THE release of the first report into the state of the nation’s mental health system has highlighted the challenges facing those who provide mental health services, according to Orange-based mental health specialist Dr Russell Roberts.
Dr Roberts was invited to Sydney yesterday for the release of the National Mental Health Commission’s inaugural report card into mental health in his role as chair of Rural and Remote Mental Health based out of the Bloomfield campus.
Dr Roberts said the disparity between the lifespan of people with a mental illness and others in the community was huge and had been highlighted in the report.
“If you have a mental illness you’re likely to live 25 years less than someone who doesn’t have the illness,” he said.
He said the report showed the importance of an intense and whole-of-government and community approach to improving access to services for people with a mental illness.
“The reality is that there are gaps which have to be addressed,” he said.
Bundling together services to ensure people with a mental illness can access housing, employment and support through a streamlined process is another major focus for mental health care providers, according to Dr Roberts.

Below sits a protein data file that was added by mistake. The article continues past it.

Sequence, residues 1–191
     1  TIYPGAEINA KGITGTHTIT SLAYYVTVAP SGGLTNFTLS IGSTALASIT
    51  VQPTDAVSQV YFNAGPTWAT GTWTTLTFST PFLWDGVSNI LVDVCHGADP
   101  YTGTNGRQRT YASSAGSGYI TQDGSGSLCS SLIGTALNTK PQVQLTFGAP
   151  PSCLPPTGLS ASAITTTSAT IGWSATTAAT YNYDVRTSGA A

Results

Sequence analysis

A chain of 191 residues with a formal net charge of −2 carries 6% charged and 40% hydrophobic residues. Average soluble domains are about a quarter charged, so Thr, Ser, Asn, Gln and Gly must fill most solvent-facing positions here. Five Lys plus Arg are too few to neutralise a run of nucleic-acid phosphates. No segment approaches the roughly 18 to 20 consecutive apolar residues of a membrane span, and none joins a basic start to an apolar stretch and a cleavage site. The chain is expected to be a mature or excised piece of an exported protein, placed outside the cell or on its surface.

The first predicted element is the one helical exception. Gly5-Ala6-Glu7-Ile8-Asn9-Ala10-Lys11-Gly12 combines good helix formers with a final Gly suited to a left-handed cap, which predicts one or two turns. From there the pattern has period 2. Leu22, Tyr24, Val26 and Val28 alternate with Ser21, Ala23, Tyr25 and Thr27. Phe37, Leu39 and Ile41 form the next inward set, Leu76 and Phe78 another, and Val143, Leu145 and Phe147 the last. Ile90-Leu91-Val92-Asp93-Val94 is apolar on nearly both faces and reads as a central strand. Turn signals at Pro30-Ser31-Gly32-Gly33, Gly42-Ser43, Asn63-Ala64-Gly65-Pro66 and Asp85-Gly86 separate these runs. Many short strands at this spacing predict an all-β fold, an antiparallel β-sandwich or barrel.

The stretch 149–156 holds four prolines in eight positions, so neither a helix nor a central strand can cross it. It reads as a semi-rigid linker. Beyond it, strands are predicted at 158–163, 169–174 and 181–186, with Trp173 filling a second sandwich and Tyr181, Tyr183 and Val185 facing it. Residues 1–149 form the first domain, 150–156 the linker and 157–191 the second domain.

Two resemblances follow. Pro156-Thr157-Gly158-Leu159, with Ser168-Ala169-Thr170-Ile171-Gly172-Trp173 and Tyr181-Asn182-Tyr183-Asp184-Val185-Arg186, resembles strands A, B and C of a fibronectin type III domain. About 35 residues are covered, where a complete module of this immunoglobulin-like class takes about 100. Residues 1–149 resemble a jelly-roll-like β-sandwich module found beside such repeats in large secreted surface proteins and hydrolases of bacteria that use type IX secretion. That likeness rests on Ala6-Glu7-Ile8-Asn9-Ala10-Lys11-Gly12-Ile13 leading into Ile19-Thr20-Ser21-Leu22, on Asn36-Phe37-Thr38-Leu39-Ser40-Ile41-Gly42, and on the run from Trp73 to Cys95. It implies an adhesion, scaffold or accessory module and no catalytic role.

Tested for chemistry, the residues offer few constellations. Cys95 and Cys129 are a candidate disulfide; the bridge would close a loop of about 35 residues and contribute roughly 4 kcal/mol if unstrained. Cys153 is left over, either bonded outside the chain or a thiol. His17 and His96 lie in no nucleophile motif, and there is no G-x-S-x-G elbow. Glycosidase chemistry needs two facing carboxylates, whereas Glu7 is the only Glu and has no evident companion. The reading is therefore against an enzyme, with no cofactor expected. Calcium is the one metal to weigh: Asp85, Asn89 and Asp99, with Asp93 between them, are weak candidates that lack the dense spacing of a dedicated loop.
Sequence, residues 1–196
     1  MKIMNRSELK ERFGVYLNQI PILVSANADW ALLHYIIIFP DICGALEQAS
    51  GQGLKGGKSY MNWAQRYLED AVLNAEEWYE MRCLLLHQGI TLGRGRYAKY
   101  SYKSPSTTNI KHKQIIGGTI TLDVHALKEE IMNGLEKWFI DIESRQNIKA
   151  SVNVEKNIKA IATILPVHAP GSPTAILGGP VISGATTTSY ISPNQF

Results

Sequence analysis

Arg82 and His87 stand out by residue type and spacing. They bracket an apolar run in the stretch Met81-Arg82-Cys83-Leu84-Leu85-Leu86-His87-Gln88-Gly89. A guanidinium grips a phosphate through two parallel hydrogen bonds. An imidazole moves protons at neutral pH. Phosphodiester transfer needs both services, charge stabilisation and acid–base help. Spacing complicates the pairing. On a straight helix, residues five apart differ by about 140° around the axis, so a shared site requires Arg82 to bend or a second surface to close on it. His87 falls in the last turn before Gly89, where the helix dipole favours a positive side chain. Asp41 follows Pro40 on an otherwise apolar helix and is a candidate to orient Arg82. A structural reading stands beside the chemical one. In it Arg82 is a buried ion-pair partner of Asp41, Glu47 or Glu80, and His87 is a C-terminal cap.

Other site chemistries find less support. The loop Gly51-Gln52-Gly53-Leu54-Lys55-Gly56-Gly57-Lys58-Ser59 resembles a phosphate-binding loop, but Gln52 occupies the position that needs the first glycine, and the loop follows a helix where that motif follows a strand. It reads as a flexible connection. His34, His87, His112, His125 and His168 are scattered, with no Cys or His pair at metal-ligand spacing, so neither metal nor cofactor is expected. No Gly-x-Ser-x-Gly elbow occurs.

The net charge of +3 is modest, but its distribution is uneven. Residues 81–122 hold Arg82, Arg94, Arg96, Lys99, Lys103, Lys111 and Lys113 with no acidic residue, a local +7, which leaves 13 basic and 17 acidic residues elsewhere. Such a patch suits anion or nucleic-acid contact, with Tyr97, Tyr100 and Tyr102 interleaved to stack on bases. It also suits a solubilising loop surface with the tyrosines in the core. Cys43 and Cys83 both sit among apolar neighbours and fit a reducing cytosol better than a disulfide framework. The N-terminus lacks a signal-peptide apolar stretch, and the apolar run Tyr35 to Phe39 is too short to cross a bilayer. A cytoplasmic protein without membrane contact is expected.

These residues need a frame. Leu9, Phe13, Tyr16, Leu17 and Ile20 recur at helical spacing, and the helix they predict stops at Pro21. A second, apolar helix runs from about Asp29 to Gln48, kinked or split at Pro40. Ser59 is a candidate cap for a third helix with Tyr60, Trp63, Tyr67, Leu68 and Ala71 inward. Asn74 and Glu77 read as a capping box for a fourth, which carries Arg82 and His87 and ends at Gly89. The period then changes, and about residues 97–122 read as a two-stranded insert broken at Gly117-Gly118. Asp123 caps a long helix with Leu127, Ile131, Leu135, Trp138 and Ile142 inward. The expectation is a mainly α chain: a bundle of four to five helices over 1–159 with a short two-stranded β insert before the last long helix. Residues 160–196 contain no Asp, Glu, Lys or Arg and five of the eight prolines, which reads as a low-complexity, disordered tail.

Dr Roberts said within the community people may not realise the impact of the effects of being diagnosed with a serious illness, such as cancer or diabetes, and how it could impact on a person’s mental health.
“People become depressed and anxious often when they are diagnosed,” he said.
One of the other major challenges facing the provision of adequate mental health services, according to Dr Roberts, is an injection of more funding.
“When you look at the statistics 14 per cent of people being treated in the system have a mental illness and yet it is only attracting [funding of] between 7 and 8 per cent,” he said.
“We need to address that imbalance and it has to be one of the priorities.”
On a positive note Dr Roberts said members of the National Mental Health Commission who visited Orange for two days last week touring Bloomfield and talking to the public about their experiences were full of praise for the Orange forum.
“They told me they have never been to a forum which was so well attended and where people felt they could connect,” he said.
“They were tremendously impressed.”